Our breath is intimately connected to our nervous system in a feedback loop. Due to stress and computer work, we tend to breathe shallowly which supports the sympathetic nervous system. The sympathetic nervous system stimulates “fight, flight, freeze, or freak out.” This may cause more stress or the feeling of “wired but tired” which can leave many people unable to fall asleep and sleep through the night.

Studies have found that adults who receive more sleep at night also report feeling lower levels of stress. So how do we begin the process of getting more sleep? Breath work is a great way to help the mind slow down and move you into a more relaxed state that is ready to move into a deep sleep. In yoga, breath control is known as Pranayama. Pranayama comes from two Sanskrit words: “prana”, meaning breath or life force, and “yama” meaning to control. Below, we’ll discuss four breathing techniques to practice before you go to bed so that you can quickly fall into a deep sleep.

“Breath is the bridge which connects life to consciousness, which unites your body to your thoughts.”~Thích Nhất Hạnh

Three-Part Breathing For Sleep

Three-part breathing (also known as abdominal breath or yogic breathing) is a great place to start with pranayama. Try inhaling from the bottom of your belly using deep, full slow breaths to fill the three parts sequentially.

  1. Lie down and observe your normal breathing pattern, inhaling and exhaling through your nose.
  2. Place your right hand on your chest, and left hand on your belly.
  3. Take a deep inhale through your nose and let your belly open forward, then your rib cage, followed by your upper chest, shoulders, and throat.
  4. Exhale smoothly through your nostrils from the top to the bottom, allowing your chest and shoulders to drop, then letting the rib cage relax inward. Finally, the belly moves inward.
    • Use the abdominal muscles and rib cage muscles to push even more air out of the lungs. 
  5. Repeat.

    Two to One Breathing, also called extended exhale

    Two to one breathing is a great support for the parasympathetic nervous system which controls how the body functions at rest. It’s activated through exhalation and calms one’s being and encourages relaxation. Try the following exercise and adjust the number count to your personal needs.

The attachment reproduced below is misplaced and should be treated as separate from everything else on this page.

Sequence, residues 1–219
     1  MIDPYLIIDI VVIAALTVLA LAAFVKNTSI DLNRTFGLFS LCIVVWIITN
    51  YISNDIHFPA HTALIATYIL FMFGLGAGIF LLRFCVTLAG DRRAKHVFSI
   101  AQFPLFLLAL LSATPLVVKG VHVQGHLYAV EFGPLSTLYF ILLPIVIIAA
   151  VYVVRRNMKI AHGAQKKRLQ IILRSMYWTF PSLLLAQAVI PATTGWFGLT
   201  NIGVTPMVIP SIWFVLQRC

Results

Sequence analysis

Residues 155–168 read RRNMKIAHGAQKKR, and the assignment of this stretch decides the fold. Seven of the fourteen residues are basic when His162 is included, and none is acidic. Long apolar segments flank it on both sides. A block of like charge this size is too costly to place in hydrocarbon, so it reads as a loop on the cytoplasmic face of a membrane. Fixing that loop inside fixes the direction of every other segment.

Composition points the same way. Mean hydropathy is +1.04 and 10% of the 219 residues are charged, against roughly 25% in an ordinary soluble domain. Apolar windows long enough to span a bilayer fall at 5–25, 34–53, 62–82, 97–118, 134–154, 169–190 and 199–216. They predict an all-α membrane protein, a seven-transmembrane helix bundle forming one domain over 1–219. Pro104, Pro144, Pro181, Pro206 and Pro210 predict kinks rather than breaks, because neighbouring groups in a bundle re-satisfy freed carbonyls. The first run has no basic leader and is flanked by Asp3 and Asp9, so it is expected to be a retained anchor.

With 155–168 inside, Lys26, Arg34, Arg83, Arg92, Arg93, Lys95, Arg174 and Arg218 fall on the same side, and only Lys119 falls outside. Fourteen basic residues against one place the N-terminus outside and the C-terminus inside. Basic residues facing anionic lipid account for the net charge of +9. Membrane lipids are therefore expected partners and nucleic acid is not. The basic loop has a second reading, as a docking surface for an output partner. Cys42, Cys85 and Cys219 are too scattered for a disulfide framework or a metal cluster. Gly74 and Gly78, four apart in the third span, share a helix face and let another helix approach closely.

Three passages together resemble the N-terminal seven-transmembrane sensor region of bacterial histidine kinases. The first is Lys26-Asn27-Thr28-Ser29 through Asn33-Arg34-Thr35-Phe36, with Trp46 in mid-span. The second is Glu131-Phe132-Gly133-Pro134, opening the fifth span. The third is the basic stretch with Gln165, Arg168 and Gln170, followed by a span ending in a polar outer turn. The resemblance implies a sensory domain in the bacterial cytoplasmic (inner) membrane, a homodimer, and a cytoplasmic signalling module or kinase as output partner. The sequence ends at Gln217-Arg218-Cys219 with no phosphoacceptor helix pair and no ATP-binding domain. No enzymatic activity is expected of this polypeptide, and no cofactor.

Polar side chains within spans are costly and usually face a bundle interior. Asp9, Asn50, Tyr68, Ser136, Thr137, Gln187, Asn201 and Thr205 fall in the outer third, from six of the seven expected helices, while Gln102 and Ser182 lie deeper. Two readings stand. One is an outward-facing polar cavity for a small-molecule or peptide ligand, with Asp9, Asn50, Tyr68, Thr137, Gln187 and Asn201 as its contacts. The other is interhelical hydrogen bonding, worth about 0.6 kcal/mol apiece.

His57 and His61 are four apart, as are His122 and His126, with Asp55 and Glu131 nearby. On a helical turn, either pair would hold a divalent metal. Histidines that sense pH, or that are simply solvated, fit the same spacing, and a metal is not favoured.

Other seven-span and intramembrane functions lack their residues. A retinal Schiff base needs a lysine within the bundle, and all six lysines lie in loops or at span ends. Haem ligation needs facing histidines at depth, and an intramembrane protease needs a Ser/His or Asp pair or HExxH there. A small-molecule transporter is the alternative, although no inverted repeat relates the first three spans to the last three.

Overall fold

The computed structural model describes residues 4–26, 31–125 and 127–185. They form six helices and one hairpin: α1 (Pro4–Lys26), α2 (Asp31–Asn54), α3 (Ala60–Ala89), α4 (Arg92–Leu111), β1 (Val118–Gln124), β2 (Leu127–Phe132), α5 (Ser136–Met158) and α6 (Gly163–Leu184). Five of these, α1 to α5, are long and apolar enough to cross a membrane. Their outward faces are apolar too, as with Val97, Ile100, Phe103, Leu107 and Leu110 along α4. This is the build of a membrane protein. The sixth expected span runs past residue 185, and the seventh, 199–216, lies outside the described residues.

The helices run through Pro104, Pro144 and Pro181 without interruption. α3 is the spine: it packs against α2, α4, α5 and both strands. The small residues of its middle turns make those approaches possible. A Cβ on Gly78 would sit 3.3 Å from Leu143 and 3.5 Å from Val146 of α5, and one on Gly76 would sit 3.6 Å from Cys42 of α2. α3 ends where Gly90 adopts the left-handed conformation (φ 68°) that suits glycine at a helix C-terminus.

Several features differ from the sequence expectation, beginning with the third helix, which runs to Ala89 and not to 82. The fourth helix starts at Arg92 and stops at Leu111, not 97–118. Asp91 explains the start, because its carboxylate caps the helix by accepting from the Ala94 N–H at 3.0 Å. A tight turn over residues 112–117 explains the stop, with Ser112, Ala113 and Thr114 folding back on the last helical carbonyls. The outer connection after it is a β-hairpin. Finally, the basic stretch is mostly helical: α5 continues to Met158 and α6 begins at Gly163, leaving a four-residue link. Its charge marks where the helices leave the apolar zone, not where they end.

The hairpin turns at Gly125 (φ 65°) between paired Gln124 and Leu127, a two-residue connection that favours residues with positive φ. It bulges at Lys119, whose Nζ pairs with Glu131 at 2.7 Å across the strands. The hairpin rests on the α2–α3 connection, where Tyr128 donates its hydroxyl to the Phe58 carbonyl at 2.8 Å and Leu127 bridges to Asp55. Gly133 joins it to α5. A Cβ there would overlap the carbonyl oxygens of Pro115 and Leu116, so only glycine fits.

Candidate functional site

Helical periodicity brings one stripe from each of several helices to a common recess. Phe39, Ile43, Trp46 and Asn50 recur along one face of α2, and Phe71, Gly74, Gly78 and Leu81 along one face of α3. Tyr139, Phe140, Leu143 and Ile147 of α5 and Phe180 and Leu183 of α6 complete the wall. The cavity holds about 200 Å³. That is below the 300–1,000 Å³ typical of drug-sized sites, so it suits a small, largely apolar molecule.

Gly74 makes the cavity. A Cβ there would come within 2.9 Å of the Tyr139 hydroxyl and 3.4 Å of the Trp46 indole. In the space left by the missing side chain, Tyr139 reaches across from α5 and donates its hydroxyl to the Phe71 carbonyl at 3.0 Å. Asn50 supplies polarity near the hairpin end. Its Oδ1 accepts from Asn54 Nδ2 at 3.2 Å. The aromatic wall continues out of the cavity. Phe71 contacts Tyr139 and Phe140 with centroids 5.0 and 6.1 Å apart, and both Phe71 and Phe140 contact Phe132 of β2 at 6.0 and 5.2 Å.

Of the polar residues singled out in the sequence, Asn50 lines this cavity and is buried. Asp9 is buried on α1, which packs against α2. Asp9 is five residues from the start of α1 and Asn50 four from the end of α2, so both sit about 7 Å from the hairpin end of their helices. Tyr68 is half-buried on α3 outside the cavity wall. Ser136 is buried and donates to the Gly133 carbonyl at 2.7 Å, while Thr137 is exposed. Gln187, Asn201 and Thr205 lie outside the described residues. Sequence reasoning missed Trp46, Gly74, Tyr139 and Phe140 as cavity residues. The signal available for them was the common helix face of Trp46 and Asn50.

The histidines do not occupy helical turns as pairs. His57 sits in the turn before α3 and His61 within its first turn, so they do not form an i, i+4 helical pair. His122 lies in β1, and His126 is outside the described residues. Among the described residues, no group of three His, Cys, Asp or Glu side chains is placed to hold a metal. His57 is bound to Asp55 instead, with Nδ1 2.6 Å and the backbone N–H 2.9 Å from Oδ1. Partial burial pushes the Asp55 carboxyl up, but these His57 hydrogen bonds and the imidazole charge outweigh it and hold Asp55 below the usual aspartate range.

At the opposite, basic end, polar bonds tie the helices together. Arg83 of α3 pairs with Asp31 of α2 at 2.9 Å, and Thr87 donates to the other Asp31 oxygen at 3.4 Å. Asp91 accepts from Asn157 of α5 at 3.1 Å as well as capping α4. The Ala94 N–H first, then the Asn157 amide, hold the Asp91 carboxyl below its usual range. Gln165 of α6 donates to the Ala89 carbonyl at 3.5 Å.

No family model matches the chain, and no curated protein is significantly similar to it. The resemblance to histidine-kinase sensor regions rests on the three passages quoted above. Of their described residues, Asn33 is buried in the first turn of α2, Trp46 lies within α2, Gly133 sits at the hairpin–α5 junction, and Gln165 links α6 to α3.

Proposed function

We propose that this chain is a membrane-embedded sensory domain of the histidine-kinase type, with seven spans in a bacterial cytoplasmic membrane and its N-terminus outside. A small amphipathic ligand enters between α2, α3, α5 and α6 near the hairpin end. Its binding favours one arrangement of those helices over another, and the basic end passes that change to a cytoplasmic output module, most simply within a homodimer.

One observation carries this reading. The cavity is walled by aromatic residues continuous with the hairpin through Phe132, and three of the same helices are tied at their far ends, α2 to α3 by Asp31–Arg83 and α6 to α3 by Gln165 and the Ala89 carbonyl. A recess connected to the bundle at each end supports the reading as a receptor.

1. Inhale through your nose and count to four. (1, 2, 3, 4)
    2. Exhale through slightly opened lips and count to eight. (1, 2, 3, 4, 5, 6, 7, 8)
    3. Repeat this pattern until you feel relaxed.

    Bhramari, humming bee breath

    Bhramari comes from the Black Indian Bee, as a reminder of the sound you’ll make when exhaling in this practice. It helps sooth the nerves, nurtures peace, dissipates anger, and leads to a deep sleep. Bhramari is best performed right before getting into bed, when seated on a mat, with a straight spine. 
    1. After you’ve found a comfortable seat, close your eyes and keep your lips slightly parted.
    2. Bring your thumbs to your ears to gently close them. Do not stick your thumbs inside of your ears.
    3. Separate your fingers and place them on the crown of head.
    4. Breathe in slowly through your nostrils.
    5. Exhale slowly and create a hmmmmm sound in the back of your throat, resembling the sound of a buzzing bee.
    6. Repeat the breath 10 times in a smooth, steady pattern, bringing focus to the middle of your forehead.

    Alternate Nostril Breathing for Sleep

    For most of us, we don’t recognize that during the day our body changes the predominant side of nostril breathing depending on what the body needs. This science of nostril breathing is called Swara yoga. Right nostril breathing supports the more aggressive, more alert side of our nervous system (or sympathetic). Left side nostril breathing supports the quieter, relaxed side of our nervous system (or parasympathetic). When you go to bed, try this breathing technique:

    1. Using your right hand, close your right nostril with your thumb and breathe slowly through your left nostril.
    2. Close your left nostril with your ring and middle fingers, pausing for a quick moment.
    3. Lift your thumb and exhale from your right nostril.
    4. Leave your thumb lifted and inhale through your right nostril.
    5. Close your right nostril with your thumb, pausing for a quick moment.
    6. Lift your ring and middle fingers and exhale through your left nostril.
    7. Repeat until you feel relaxed. 

    I hope these exercises have allowed you to relax and begin the process of a better night of sleep. Did you know allergies can lead to insomnia due to the overstimulation in your brain? I wrote more about this in my article “Treating Allergies May Aid Insomnia.”

    If you’re interested in taking an in-depth look at what’s causing you to lose sleep, schedule a 1-on-1 consultation with me. I’d love to help! 

    Dr. Melanie MacLaren, ND, RYT